December 26, 2009
Every holiday season, I re-watch “A Charlie Brown Christmas,” and every year it both warms and breaks my heart. I can’t help it: I love Charlie Brown’s existential woe, his thwarted attempts to direct the Christmas play, his pitiful little tree, and the way his friends pull together at the end to make it all nice.
Of course, I especially like how the whole thing starts with a wintry skating scene. The Peanuts Gang does an impressive synchro-esque splice right at the beginning. Though Snoopy doesn’t have on a pair of skates, he manages a gorgeous spread eagle (or should I say spread beagle?) After a weaving round of crack the whip, Linus’ blanket somehow gets wrapped around Charlie Brown and flings him into a tree trunk. A pile of snow proceeds to plop on his head. Good grief, I just can’t get enough.
So, naturally, I was thrilled when Charlie Brown himself contacted me a few weeks ago for skating lessons. Turns out he has decided to try and make it to the upcoming Olympics. This has presented me with a dilemma: knowing that Charlie Brown isn’t exactly overflowing with self-confidence, I don’t want to be too discouraging…but.
Well, here’s the first draft of my response.
Dear Mr. Brown,
Thank you for contacting me about my coaching services. I am a big fan of yours. As per your request, I have analyzed the skating footage from the opening scene of your iconic holiday special in order to assess your stated goal of making it to the upcoming Winter Games.
The news is mixed. First, let me say that your ability to skate (and even stand up) amid snowflakes the size of baseballs is impressive and demonstrates a great deal of balance. Second, I have noticed that you are a simple man with simple needs, in terms of equipment. Most competitive skaters these days transport their skates in bags specially designed for optimal performance. Many of these bags even have wheels that put on their own laser light show. Your method of carrying your brown skates old-school style with the laces knotted and looped over your shoulder is unconventional yet refreshing. I presume that since you have no guards over your blades, they are in pretty shoddy condition. I like this: it shows that you are not a diva.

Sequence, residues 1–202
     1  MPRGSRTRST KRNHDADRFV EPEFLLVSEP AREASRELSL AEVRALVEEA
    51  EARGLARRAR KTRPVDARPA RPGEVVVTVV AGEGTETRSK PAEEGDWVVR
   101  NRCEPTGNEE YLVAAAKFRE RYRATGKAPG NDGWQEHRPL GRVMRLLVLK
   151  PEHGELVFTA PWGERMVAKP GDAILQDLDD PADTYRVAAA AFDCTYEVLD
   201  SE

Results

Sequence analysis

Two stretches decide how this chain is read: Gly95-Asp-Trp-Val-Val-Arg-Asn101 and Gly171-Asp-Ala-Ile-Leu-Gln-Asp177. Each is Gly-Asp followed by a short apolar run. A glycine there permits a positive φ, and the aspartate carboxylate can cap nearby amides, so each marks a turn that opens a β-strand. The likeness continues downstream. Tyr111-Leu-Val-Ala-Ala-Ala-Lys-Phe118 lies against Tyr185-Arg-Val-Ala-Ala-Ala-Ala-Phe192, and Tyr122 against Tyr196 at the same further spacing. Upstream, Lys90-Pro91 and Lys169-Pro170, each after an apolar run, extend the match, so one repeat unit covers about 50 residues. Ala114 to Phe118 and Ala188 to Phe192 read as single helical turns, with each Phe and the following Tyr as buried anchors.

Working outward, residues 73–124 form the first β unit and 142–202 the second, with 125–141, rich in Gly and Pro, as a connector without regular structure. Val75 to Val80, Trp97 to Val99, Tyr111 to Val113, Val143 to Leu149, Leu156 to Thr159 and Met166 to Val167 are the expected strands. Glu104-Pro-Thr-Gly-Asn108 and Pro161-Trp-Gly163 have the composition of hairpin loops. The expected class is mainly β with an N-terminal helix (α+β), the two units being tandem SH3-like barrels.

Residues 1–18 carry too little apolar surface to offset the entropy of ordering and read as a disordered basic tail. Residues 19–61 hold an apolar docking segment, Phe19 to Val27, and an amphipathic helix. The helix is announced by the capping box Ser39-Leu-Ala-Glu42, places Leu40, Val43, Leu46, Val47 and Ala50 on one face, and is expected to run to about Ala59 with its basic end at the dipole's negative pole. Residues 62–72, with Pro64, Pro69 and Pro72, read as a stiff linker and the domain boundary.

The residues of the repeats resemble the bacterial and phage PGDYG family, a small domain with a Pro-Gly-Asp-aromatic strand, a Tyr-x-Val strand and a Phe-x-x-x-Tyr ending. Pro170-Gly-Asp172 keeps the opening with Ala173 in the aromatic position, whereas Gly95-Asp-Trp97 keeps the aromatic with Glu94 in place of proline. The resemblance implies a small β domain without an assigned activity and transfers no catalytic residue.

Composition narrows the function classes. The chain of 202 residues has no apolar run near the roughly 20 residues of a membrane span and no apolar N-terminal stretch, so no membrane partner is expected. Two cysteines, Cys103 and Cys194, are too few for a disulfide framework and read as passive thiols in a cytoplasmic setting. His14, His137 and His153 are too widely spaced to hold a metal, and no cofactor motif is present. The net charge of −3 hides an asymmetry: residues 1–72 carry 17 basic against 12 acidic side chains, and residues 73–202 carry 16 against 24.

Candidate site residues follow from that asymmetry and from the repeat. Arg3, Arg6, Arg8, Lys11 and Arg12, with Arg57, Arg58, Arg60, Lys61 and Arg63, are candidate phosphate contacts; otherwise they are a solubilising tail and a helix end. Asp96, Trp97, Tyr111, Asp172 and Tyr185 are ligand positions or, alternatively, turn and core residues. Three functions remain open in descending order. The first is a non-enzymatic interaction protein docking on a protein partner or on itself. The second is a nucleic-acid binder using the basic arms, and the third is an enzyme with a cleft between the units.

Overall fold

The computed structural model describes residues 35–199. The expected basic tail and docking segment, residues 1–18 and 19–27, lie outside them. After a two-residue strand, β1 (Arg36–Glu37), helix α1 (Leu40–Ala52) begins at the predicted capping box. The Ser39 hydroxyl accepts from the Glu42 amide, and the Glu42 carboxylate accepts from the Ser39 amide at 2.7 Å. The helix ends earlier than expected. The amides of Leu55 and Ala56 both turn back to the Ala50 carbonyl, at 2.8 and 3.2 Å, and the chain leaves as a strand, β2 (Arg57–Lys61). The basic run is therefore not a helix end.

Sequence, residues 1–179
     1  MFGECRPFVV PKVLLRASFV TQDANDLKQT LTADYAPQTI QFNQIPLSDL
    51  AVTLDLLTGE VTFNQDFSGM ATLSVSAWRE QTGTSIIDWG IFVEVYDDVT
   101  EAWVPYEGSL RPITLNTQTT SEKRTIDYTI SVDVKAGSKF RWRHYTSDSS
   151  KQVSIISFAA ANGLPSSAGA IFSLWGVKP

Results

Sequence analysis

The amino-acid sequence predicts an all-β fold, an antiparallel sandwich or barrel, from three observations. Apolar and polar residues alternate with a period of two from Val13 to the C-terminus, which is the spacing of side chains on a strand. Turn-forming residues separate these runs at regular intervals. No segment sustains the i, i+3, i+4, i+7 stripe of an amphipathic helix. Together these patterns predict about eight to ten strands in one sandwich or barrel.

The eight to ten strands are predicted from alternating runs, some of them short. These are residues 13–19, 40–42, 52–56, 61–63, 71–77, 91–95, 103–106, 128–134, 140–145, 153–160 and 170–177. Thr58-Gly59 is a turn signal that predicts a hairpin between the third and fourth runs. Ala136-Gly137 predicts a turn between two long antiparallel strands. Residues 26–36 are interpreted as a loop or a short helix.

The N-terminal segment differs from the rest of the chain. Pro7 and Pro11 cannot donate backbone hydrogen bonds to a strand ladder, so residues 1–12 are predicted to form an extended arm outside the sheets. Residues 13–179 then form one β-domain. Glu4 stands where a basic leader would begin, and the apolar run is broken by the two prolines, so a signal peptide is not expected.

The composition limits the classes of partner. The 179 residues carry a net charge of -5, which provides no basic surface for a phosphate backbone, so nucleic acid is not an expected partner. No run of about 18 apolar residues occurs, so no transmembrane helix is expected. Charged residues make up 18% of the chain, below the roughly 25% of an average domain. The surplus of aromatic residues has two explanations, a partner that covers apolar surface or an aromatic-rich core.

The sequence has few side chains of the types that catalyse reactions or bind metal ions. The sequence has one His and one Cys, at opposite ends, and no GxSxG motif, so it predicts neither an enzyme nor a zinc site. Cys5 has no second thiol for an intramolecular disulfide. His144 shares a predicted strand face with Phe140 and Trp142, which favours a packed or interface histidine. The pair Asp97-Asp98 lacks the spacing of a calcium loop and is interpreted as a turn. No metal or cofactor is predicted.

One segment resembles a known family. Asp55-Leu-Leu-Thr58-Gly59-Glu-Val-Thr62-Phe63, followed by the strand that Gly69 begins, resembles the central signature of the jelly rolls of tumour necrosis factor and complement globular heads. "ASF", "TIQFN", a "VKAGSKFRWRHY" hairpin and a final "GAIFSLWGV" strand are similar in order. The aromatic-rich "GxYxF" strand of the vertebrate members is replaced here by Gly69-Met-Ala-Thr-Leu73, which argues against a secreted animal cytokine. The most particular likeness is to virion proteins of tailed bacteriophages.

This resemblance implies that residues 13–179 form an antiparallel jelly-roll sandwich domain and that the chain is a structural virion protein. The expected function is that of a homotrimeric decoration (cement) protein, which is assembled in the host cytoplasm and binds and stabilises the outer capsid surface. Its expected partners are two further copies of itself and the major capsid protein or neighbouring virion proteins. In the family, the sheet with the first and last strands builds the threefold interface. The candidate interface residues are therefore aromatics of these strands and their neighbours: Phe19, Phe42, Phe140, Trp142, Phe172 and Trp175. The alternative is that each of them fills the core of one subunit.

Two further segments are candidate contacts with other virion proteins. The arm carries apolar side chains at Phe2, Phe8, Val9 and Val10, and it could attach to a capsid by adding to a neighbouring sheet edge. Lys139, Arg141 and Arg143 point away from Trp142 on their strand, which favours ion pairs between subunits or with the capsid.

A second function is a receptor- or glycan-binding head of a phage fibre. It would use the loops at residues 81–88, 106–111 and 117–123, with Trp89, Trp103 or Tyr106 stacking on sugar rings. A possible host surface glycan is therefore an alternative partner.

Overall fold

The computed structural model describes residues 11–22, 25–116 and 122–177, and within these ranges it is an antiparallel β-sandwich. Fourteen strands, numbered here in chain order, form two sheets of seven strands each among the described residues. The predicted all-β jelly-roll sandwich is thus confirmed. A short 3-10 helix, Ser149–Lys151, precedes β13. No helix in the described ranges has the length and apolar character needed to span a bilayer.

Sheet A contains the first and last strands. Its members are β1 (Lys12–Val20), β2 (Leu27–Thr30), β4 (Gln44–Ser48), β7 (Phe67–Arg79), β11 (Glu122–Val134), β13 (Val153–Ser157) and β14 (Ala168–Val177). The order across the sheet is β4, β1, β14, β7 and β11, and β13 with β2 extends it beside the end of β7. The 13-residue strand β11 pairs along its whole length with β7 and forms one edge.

Your costume choices are…interesting. The hat with earflaps is an excellent pick, especially considering that it will be pretty cold up in Vancouver. Your yellow shirt, on the other hand, is a bit problematic: you may want to switch out those zig zags for something with softer lines in a color scheme more flattering to your skin tone.
Your musical selection, by Vince Guaraldi, as rendered by Schroeder, is to be commended.
Now to the skating. Your ability to bellyflop then spin on your stomach with that much momentum tells me that you are more aerodynamic than the size of your head might otherwise suggest. Of course, it is more ideal to rotate in a vertical position, but this is something we can work on.
Granted, in skating, as in life, it’s not always about how much you fall, but your willingness to keep getting up. Unfortunately, I noticed that after you careened into the tree, your recovery was inconspicuously absent from the film.
Before this event, I did spot a few split-seconds of competent gliding on your part. Truthfully, though, you would need many more hours of practice, in fact perhaps thousands of hours of practice, in order to make your Olympic dreams come true. This means that you’ll have to give up your extra-curricular activities, namely your role as the unappreciated Director of the Christmas Play. With all the work we would need to do, you simply don’t have time to be out looking for the most pathetic Christmas tree you can find.